Refinancing comes with a lot of benefits but it can still hurt your finances if you don’t do your homework. That’s why it’s so important to take a minute and ask yourself some questions before you refinance. The answers will help you understand both your own needs and how a new loan will affect you.
Four questions to ask yourself before you refinance
1. What do you know about your lender?
Your lender is just like any company out there. It too is looking only for profits and, no matter what their ads say, you shouldn’t believe that they only have your best interest at heart. Fortunately for us, the consumers, we now live in a world where information is easy to find. If you want to find something about a lender, you can just go on social media and see what other people have to say about them. Or you can search the internet for reviews.
The time you spend doing research will pay off.
2. Do you have a plan? If so, what is it?
If you plan to sell your home and move in the near future, then you shouldn’t refinance. Or maybe you should do it, if you’re happy with your current home and expect to remain there for a long time.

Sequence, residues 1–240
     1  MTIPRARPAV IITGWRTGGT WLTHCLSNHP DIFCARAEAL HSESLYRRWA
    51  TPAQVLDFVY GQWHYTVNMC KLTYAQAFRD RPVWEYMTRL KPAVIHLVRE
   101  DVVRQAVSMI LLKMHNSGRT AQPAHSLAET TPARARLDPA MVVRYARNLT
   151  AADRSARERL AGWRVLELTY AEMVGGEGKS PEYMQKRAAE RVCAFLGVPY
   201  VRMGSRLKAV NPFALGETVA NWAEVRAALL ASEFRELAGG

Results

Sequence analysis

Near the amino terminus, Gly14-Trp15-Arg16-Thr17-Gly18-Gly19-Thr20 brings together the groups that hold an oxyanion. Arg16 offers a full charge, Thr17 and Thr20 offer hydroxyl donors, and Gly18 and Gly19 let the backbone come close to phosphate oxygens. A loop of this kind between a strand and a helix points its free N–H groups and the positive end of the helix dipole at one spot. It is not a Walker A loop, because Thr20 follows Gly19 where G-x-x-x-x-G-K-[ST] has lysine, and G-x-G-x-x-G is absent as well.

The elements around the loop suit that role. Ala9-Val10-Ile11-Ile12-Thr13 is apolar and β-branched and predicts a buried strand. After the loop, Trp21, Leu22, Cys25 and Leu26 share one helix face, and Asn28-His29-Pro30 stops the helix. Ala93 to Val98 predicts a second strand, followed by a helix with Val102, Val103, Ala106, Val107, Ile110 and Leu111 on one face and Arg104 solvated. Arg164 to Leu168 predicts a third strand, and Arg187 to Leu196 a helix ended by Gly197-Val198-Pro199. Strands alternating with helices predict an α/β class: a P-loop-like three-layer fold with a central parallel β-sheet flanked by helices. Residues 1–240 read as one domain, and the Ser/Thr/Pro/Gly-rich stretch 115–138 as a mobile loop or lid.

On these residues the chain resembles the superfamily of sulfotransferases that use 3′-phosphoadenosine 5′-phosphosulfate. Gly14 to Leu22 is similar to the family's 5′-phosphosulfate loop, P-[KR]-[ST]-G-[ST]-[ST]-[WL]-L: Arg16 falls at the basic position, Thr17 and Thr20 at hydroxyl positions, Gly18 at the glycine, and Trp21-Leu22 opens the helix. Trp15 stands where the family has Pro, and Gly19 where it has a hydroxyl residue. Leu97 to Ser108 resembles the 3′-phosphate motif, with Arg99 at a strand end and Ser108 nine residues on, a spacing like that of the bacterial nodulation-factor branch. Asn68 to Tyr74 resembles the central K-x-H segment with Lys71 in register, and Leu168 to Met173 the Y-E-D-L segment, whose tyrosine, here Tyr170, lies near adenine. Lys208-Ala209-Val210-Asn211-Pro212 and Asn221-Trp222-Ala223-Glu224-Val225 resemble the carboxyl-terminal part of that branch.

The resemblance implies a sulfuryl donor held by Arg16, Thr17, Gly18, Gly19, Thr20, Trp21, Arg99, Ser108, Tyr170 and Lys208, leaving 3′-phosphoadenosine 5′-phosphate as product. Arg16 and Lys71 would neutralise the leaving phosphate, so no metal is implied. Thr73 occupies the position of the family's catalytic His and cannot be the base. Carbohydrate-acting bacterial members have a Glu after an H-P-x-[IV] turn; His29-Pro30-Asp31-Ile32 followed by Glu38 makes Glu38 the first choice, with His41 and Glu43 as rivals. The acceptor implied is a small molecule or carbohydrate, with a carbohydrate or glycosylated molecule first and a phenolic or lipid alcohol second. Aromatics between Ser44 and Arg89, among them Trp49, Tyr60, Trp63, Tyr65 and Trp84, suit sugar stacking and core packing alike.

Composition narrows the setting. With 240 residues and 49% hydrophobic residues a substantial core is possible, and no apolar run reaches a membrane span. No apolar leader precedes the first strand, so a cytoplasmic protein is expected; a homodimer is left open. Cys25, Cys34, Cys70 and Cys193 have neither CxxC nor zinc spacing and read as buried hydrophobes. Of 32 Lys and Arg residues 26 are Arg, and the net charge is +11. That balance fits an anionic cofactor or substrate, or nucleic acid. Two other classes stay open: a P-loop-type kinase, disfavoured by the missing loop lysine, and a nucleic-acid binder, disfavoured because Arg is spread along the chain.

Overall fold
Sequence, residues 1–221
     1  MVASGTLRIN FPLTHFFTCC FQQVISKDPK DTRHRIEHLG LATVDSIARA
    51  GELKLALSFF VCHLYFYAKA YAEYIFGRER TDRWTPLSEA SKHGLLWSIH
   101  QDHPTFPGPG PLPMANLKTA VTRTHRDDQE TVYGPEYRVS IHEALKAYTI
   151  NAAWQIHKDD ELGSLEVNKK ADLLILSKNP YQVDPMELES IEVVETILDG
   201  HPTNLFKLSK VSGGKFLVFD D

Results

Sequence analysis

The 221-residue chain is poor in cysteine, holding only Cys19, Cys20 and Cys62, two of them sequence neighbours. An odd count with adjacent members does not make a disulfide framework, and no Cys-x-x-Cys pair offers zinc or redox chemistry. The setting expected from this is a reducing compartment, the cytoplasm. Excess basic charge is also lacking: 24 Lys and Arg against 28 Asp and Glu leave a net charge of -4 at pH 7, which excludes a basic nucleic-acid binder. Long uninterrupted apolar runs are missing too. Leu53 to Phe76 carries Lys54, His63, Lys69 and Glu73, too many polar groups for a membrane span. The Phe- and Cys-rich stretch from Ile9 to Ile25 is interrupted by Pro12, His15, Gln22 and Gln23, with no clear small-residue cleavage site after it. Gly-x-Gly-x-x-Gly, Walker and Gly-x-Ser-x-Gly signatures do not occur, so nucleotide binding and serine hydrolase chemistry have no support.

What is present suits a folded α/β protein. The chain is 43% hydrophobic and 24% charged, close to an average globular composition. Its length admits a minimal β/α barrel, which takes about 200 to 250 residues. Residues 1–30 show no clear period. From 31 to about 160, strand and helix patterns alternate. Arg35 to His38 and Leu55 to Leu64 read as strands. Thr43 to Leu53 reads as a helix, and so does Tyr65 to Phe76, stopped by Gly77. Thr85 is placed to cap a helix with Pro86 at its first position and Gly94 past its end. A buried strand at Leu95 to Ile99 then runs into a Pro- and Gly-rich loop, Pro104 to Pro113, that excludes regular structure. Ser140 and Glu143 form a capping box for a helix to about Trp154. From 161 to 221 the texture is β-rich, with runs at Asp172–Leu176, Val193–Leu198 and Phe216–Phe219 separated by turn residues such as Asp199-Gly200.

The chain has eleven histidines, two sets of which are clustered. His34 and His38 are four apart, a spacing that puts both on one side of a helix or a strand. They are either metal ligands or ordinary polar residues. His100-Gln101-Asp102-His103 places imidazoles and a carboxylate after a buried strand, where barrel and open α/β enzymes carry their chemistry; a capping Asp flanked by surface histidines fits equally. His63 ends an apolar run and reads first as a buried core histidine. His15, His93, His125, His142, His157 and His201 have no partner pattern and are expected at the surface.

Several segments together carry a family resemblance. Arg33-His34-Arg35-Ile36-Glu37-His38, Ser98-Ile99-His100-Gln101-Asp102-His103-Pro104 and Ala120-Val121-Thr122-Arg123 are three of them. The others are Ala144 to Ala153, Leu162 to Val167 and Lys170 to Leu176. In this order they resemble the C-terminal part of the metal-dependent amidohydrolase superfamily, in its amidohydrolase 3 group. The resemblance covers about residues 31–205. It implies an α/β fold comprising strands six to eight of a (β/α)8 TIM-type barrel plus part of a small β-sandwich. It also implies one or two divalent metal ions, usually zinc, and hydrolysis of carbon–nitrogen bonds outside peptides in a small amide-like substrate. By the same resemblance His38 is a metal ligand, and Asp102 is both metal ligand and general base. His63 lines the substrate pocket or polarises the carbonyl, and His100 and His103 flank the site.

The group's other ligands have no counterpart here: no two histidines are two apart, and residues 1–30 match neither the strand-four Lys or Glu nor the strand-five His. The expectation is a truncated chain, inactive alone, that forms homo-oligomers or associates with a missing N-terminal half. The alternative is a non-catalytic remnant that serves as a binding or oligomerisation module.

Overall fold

Refinancing without needing to refinance can cost you. Don’t forget that. That’s why it’s important to have a plan.
3. What about the fees and extra costs that come with refinancing?
Many people forget about these when they refinance. In the end, they end up paying much more and actually losing money. If you want to avoid these unpleasant situations, then you need to look at the fees and extra costs and factor them into your refinancing calculations. Don’t be afraid to use a mortgage calculator, it can prove really helpful. If the results show you can save money, then go for it. Otherwise, it’s better to shop some more or put off refinancing until the time is right.
4. What about your interest rate?
For most people, this is the main reason for refinancing. Don’t be afraid to shop around. This extra work might just get you a better offer, one that could save you a lot more money.
But don’t forget about the length of your term. If you have just a few years left on your current loan and you replace it with a 30-year one, you will end up paying more over the entire duration of the new loan.